Sun, Jul 14, 2019 - Page 14 News List

Oil caps weekly gain as strengthening storm, tensions buoy fragile market


Oil capped its best week since the middle of last month as Tropical Storm Barry gained strength, approaching refineries in Louisiana and leaving deserted offshore platforms on its path.

Futures in New York gained 4.7 percent for the week after prices held above US$60 a barrel for a third day on Friday.

Forecast to make landfall as a hurricane early yesterday, Barry has already curbed about half of US Gulf of Mexico production.

Coupled with rising tensions between the UK and Iran, as well as a steep drop in US crude stockpiles, the storm helped offset concerns over weakening demand.

“After quite a few weeks of very bearish petroleum numbers the last two weeks have actually been supportive,” said Kyle Cooper, a consultant at Ion Energy Group in Houston, Texas. “It’s a bullish backdrop. I don’t think we’re going to run away here, but the mid-US$50s to low US$60s seems like a reasonable level.”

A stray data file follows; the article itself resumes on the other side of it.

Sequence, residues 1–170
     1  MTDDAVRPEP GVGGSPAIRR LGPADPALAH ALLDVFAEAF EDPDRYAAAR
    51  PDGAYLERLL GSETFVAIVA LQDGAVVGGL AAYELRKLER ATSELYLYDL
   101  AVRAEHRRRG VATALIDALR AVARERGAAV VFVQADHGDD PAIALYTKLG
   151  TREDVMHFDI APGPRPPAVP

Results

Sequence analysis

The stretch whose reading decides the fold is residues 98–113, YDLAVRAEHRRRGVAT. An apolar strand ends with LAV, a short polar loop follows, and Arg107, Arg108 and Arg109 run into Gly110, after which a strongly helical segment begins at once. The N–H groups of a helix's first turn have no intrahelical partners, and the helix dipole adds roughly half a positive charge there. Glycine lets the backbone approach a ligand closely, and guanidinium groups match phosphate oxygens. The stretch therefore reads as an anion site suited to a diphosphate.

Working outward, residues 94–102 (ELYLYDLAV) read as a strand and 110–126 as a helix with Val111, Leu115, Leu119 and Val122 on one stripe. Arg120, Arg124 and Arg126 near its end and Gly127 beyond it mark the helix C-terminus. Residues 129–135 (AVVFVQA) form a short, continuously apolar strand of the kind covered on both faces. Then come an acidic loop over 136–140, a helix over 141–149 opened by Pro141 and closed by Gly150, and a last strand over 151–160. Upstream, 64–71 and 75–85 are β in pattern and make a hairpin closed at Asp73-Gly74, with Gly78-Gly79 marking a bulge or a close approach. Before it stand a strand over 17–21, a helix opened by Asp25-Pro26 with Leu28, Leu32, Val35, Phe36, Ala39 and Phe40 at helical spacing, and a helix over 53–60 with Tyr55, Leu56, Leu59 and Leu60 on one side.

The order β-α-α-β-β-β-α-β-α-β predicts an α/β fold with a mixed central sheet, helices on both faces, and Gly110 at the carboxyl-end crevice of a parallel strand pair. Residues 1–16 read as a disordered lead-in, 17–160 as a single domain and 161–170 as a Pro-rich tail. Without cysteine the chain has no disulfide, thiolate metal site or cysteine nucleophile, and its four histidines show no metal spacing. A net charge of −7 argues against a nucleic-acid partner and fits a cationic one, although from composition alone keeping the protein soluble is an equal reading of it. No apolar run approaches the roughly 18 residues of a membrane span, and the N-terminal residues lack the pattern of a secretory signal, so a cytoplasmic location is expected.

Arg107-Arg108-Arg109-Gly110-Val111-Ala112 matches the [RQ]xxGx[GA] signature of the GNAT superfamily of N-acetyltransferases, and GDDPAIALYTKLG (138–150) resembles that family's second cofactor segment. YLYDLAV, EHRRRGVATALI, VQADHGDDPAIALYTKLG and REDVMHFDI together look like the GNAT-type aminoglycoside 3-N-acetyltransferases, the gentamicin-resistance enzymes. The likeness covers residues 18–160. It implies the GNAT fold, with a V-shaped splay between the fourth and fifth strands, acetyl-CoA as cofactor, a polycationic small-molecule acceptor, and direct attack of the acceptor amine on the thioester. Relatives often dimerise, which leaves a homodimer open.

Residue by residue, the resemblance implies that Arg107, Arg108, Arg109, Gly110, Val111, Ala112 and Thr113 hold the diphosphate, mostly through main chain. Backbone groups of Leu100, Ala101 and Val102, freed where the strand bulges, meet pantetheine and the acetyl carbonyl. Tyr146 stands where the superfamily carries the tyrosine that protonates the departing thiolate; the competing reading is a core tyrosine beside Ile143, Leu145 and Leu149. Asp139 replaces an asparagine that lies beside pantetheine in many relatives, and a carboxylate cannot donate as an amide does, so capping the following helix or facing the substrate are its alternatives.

Still, the longer-term outlook looks less promising.

OPEC on Thursday warned of a glut next year as US shale production surges.

The International Energy Agency on Friday said there had been a surprise pile-up of inventories in the first half of this year and that OPEC might need to cut output to the lowest in 17 years to prevent another overhang.

While oil has traded higher in six of the past seven sessions, it has also been stuck within a US$1 range in the past two days, the first time trading has been that narrow since April.

An index of price volatility was at its lowest since May 22.

West Texas Intermediate (WTI) crude for August delivery on Friday closed US$0.01 higher at US$60.21 a barrel on the New York Mercantile Exchange. The contract is up 4.7 percent for the week.

Brent for September settlement rose US$0.20, or 0.3 percent, to US$66.72 a barrel on the ICE Futures Europe Exchange, up 8 percent for the week.

Barry might drop as much as 64cm of rain in some places, according to an advisory from the US National Hurricane Center.

Gulf of Mexico operators have shut in about 1 million barrels a day of oil production because of the storm, the US Bureau of Safety and Environmental Enforcement said in a notice.

Meanwhile, the UK raised the threat level to the highest possible for ships operating in the Persian Gulf as tensions escalate in a region accounting for one-third of seaborne oil trade.

The British government on Tuesday designated the region a level-3 risk, a day before British warship HMS Montrose had to stop Iranian vessels from impeding a BP PLC oil tanker as it exited the region.

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